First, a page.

The Netherlands is priviliged because of our waterfront location and our entrepreneurial spirit. It will enable the Dutch industry to be a central player in the European landscape, unlocking great chances for industries focusing on recycling, reusing, and upgrading used materials.
As we look to the future, many of us aspire to live sustainably, yet we also desire clothing, a house to live in, travelling from A to B and nice things to make our lives pleasant and comfortable. Completely de-cluttering is hardly an option for most people. So, how can we introduce all these consumer goods to the European market (450 millon consumers) in a circular and carbon-neutral manner?
We believe that our privileged waterfront location and our entrepreneurial spirit could unlock this potential. The Netherlands has the opportunity to lay the groundwork for a circular industry, paving the way for a thriving economy, increased employment opportunities, and a hotbed of innovation.
The availability of relatively cheap green energy makes the Netherlands an attractive location for the energy-intensive circular industry
We have lots of cheap, green energy – an asset
To achieve a fully circular economy, we need a lot of energy. Simply because the sustainable production of consumer goods and the reuse of raw materials require lots of energy. And that is precisely where opportunities lie for the Netherlands. Because, thanks to our coastal location, the Netherlands has access to large amounts of sustainable and cheap energy.
- By 2030, we aim to produce about 21 gigawatts of wind energy at sea (this is 75% of our current electricity use)
- By 2040, there should be 50 gigawatts of wind power at sea
- By 2050, about 70 gigawatts
When we combine our own energy with offshore wind energy and hydrogen (coming to Dutch seaports from other regions of the world such as the Middle East, via energy carriers like ammonia and methanol) the circular processing of materials and waste streams can be further promoted.
We have an excellent infrastructure – also an asset
Moreover, we have excellent sea, river and road connections to the European hinterland, giving us access to 450 million European consumers who want to live sustainably and circularly.
We have the Dutch ‘polder mentality’ – wich will be key to the solution
The solution lays in the connection. Between companies, between sectors and between links in the chain. Directing parties such as ISPT are indispensable here, to facilitate those connections. Thanks to our ‘polder mentality’, we are used to talking to each other, finding solutions together and taking up the gauntlet together.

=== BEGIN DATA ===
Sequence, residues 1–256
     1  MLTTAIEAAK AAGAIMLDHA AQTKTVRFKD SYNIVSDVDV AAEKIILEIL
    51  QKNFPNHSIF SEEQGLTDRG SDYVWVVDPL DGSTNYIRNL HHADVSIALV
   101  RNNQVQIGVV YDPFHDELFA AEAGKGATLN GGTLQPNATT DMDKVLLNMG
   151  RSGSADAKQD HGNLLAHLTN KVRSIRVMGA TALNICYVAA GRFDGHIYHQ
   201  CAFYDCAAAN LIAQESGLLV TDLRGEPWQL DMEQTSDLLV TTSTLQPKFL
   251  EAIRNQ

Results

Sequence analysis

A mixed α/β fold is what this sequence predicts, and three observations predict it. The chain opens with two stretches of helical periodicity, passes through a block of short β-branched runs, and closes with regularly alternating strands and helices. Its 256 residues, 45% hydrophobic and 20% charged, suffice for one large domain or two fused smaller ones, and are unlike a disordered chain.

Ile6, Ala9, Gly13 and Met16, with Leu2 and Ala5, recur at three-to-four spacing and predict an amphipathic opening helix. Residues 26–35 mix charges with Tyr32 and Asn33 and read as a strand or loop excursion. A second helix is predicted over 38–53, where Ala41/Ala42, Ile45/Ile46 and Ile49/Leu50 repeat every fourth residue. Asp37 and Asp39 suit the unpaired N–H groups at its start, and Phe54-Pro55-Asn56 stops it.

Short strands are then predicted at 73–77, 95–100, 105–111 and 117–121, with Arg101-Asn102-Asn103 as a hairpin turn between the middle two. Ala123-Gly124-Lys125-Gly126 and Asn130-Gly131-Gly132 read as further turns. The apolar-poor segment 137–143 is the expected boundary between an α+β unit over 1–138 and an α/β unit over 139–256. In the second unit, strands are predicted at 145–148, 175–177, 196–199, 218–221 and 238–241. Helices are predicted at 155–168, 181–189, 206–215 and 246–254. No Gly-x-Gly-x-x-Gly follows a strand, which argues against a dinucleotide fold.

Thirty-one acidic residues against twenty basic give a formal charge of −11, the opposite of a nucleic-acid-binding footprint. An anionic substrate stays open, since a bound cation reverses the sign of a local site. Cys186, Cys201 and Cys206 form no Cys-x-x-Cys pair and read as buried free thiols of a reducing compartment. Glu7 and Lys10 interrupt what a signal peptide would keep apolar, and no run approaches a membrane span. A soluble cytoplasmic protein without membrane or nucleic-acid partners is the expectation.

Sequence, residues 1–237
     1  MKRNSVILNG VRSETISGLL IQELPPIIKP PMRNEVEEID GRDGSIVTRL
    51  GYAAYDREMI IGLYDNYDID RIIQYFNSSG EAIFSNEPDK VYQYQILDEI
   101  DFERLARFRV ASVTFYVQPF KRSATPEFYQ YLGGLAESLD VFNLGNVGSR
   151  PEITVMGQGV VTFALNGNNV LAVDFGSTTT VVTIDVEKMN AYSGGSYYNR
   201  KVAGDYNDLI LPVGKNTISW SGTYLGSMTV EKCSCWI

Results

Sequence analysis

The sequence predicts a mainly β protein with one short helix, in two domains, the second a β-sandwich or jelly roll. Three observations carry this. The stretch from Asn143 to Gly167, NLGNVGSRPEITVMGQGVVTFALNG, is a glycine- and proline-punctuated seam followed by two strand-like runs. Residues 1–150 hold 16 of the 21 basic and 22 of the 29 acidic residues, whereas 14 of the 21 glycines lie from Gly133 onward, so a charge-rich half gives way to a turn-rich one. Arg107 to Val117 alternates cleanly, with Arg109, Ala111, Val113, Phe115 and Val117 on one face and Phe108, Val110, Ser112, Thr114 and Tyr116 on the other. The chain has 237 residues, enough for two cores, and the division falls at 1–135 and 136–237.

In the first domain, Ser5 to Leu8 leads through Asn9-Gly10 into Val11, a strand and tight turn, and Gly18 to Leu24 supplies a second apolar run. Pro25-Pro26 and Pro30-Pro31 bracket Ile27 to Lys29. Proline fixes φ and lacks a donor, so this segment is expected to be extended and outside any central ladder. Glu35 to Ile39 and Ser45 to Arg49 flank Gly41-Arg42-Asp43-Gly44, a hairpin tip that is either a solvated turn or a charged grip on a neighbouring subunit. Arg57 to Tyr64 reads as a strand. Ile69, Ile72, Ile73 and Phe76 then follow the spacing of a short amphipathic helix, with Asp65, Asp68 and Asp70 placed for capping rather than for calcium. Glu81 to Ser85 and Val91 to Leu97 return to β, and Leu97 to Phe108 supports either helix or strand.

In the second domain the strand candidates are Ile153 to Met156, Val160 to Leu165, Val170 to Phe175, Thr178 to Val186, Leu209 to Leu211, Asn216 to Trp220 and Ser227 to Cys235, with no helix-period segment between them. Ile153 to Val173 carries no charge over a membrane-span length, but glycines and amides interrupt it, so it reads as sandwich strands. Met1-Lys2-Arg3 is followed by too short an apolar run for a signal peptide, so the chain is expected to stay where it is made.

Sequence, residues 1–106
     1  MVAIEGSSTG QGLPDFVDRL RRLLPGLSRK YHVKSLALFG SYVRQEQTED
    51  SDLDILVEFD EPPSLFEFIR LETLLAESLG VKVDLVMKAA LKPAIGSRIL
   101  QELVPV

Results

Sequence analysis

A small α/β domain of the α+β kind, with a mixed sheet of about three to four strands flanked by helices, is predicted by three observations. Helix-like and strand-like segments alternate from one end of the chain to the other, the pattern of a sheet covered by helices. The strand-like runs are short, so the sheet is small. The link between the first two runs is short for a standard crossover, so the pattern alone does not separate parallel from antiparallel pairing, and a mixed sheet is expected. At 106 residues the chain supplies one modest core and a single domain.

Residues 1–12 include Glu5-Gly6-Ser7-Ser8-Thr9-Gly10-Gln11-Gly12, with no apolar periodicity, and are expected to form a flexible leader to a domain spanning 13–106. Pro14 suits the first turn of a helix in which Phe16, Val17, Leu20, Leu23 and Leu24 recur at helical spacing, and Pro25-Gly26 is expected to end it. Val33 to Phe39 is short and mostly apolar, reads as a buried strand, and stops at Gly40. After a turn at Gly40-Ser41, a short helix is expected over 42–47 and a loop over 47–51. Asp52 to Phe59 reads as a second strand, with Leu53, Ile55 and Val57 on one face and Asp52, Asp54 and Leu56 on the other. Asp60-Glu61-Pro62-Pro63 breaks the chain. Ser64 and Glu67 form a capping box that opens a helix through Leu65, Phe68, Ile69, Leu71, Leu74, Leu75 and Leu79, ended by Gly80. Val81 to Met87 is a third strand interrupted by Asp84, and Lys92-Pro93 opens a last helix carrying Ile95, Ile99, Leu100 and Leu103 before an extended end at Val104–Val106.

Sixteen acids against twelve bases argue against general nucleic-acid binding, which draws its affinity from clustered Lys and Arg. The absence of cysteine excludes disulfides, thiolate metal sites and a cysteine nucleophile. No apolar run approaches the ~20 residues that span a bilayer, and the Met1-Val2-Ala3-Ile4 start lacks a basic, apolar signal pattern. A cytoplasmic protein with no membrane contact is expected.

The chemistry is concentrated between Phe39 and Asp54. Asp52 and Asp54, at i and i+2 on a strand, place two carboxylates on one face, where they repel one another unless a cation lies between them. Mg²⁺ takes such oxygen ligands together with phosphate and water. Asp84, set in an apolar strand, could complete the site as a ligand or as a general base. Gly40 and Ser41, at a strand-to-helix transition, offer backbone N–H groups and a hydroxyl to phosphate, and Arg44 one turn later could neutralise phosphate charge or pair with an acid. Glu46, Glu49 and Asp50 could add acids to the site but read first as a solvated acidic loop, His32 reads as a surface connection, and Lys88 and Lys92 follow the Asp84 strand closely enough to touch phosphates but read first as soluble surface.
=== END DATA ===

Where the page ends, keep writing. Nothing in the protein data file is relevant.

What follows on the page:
All this makes the Netherlands a very attractive location for the energy-intensive circular industry and Dutch process industry can take a leading position in sustainability.
ISPT develops sustainability programs in consultation with the industry
At the Institute of Sustainable Process Technology (ISPT), we assist the industry and society in achieving circularity at multiple levels. We are independant, non-profit and based in the Netherlands.
The transition of the process industry is becoming increasingly complex. So complex, that companies can no longer do it alone. There is a need for solutions and innovations and that requires cooperation between multiple companies and in multiple links of the chain. Cross-sectoral collaboration is indispensable. Companies have to make an impact together. It’s a challenge, but also a great opportunity. The challenges we see can roughly be divided into 3 transitions:
That is where we play our part: creating a trust-based environment that connects the parties involved and facilitate their sharing of expertise and know-how in joint projects. This gets development off to a flying start and accelerates feasible, innovative and sustainable solutions that will lead to full circularity by 2050.
Let’s explore the 3 major transitions
Now, let’s dive deeper into the three major transitions: energy, raw materials and agro-food:
1. Energy transition
The use of sustainable electricity can significantly lower the CO2-footprint of the Dutch process industry. However, constructing the energy system of the future requires grid flexibility and a well-balanced energy mix of solar, wind, biomass, and green hydrogen.
2. Raw materials transition
Circularity is the cornerstone of a sustainable future. In a circular economy, resources are kept in use for as long as possible. Then, at the end of their service life, materials are recovered and regenerated. What is waste for one factory, might be a highly valuable resource for the other.
3. Agro-food transition
How to feed the world within the bounderies of the ecosystem? In order to do so, we need to redesign our food industry in a sustainable way, with process technology that helps us maximize nutritional values, has space for nature and builds a solid business case for our farmers.